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Se7en :
Andy, I have a question regarding the time allignment functionality of the MS8.
I have been a Tact Audio user for about 11 years now and this system also features automatic room equalization and time alignment correction. One of the realities/negatives about the Tact correction system is that it is not "self aware" of it's own processing time (which increases/decreases based on frequency and XO slope selection) and does "not" make appropriate adjustments to it's TA corrections. This means that often out of the box adjustments can be mis-alligned.
A number of Tact users have published useful charts to help users perform manual TA adjustments to the auto allignment based on XO frequency and slope between the subs and mains (in a home system).
I was wondering how the MS8 deals with this especially given the number of channels supported. Thanks!

Andy Wehmeyer :
Great question and a big problem if you sit far from the subs and speakers. In a car, we sit very close. Delay based on distance in a car is a very few degrees of phase at most sub/midbass crossover points (unless the box is in the back of a Ford Excursion and you're 4.5 feet tall). Using a really steep slope (4th order is sufficient) will minimize the interaction of the sub and midbass enough to make a good transition in the car possible. Since we're not using FIR filters, the computation time is relatively short for EQ and doesn't vary from one channel to the next regardless of how complex the filter is. We have compensated for the difference in processing time for the sub and the other channels.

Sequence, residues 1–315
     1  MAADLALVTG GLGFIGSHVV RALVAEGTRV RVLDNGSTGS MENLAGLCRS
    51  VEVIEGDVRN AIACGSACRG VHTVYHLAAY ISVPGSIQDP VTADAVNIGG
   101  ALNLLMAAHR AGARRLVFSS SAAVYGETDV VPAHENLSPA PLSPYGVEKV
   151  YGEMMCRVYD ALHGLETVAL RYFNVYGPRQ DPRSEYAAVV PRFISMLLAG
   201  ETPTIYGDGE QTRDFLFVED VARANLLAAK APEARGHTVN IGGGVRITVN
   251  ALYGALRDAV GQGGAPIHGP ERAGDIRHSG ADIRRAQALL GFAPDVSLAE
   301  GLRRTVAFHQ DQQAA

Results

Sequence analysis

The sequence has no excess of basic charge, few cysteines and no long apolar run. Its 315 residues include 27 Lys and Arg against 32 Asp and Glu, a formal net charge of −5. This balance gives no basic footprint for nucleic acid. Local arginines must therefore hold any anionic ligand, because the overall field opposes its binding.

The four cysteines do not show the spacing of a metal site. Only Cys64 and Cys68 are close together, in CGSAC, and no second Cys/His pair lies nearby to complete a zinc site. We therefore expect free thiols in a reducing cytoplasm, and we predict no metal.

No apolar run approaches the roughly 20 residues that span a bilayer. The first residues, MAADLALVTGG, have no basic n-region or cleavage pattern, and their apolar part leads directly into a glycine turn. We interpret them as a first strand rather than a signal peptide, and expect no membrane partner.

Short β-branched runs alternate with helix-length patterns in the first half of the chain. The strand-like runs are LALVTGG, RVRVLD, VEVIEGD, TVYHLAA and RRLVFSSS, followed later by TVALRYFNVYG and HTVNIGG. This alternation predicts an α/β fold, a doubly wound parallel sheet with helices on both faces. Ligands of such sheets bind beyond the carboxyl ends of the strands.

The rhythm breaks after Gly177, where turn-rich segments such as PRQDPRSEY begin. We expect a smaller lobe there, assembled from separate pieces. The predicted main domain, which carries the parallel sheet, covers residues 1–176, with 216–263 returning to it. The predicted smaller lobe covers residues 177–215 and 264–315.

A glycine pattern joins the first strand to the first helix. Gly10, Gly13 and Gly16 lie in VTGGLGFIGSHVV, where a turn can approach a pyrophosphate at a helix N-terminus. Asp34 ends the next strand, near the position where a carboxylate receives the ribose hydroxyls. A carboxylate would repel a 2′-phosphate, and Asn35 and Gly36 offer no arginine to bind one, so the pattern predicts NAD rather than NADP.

The real difficulty in the processor is in the bass management section, where steered low frequencies are added to other channels below the crossover frequency of the channel to which that bass was originally steered. Thanks to Ulrich and Adam, we have an ingenious arrangement of additional variable all-pass filters that match the phase of the steered bass to the unsteered bass.